Shamsa helped her fellow refugees who were sick and during that time she met her husband, Hassen. The pair was together for seven years, but due to differences in paperwork, Hassen was unable to come with Shamsa and her immediate family to Spokane.

Shamsa, her two surviving brothers and her mother arrived in the U.S on March 1st, 2016. “I’m so happy, so glad to be here, but I still can’t forget what happened to me. It’s so sad for me,” she says. “I try to forget, but I cannot. When we came here, we really try to lose all that.”

She worked at Spokane Produce for almost two years and then Goodwill to help support her family. She cannot say enough how much she appreciates those companies, because they gave her hope for the future. “Now, I can help my family, friends, myself, and do everything I wanted to do, like go to school,” Shamsa excitedly shares. “Lives change, you can work and while you work you can go study, and you can support your family.”

Shamsa has applied for her husband to come to the United States, but he is still waiting for an immigration interview in Ethiopia. She is hopeful that he will be able to resettle soon so that he can live with the family.

“Jesus Chose Us for Each Other”: Oliva and Arooj

By Elyse Herrera
Digital Communications Intern

When Arooj stepped into Spokane a little over two years ago, her life was “a blank page, completely.” She had so many fears about entering this new “white world.” Shortly after arriving, there came an opportunity for friendship, something Arooj embraced head-on in her relationship with a World Relief volunteer, Olivia.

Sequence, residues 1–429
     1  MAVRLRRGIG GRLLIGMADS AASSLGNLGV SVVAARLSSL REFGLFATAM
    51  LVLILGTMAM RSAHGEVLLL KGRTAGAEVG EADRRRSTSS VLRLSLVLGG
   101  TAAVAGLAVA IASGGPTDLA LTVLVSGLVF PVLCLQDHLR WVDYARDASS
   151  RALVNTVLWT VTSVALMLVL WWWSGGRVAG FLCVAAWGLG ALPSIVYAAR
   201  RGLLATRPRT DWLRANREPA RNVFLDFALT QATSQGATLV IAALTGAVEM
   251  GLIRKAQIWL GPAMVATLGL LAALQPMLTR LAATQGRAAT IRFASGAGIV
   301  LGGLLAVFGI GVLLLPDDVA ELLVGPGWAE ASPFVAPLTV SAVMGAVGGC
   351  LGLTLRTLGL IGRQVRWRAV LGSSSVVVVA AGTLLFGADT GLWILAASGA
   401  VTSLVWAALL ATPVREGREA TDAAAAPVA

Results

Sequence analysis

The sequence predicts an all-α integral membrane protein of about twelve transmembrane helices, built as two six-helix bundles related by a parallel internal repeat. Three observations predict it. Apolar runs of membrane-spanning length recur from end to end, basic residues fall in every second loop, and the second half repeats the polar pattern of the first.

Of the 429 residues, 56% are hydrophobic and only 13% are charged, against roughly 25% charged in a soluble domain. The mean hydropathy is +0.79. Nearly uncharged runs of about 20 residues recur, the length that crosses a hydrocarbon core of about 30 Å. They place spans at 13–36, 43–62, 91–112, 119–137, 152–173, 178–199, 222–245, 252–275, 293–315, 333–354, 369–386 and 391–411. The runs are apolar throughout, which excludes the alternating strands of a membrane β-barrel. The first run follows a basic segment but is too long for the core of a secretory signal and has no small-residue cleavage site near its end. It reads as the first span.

Originally from Pakistan, Arooj lived as a refugee in Sri Lanka for four years before coming to America and eventually Spokane. “As a refugee,” Arooj described, “I have always been depending on somebody.” With the help of World Relief and Olivia, she found “the hope I needed to survive.”

Arooj and Olivia’s friendship began shortly after Arooj moved into her apartment in Spokane, when World Relief matched the two of them.  They described a bond formed mostly in the ordinariness of life – things like mailing letters and moving furniture. Whether it be through installing WiFi together, watching Pakistani music videos, drinking coffee or having photo shoots, Olivia and Arooj continue to enjoy every moment together.

For Arooj, the best part about their friendship is that they “don’t care about the time. No matter how many days or months pass, whenever [they] get to see each other there will be the same feeling and the same joy.”

Of the many things Olivia describes as having learned from Arooj throughout their friendship, she is most inspired by her independence and joy. Arooj’s ability to individually “navigate so many things on her own” while being here without any of her family is impactful for Olivia and amazing to see. “She is effervescent,” Olivia says, and to have consistent joy amidst many difficulties is something Olivia says she “learns from Arooj not just once but all the time.”

Arooj and Olivia treat one another like family. “When I met her she just gave me a feeling of my mom,” Arooj described about Olivia. “It has been seven years since I saw my mom, and when I met Olivia, I thought, ‘I don’t want to let her go.’” Both of these women are each other’s “life savers,” treasure and joy.

Most of all, Olivia and Arooj are grateful to know one another. Of their friendship, Olivia is certain that is it unique, saying, “we didn’t choose each other. Jesus chose us for each other.”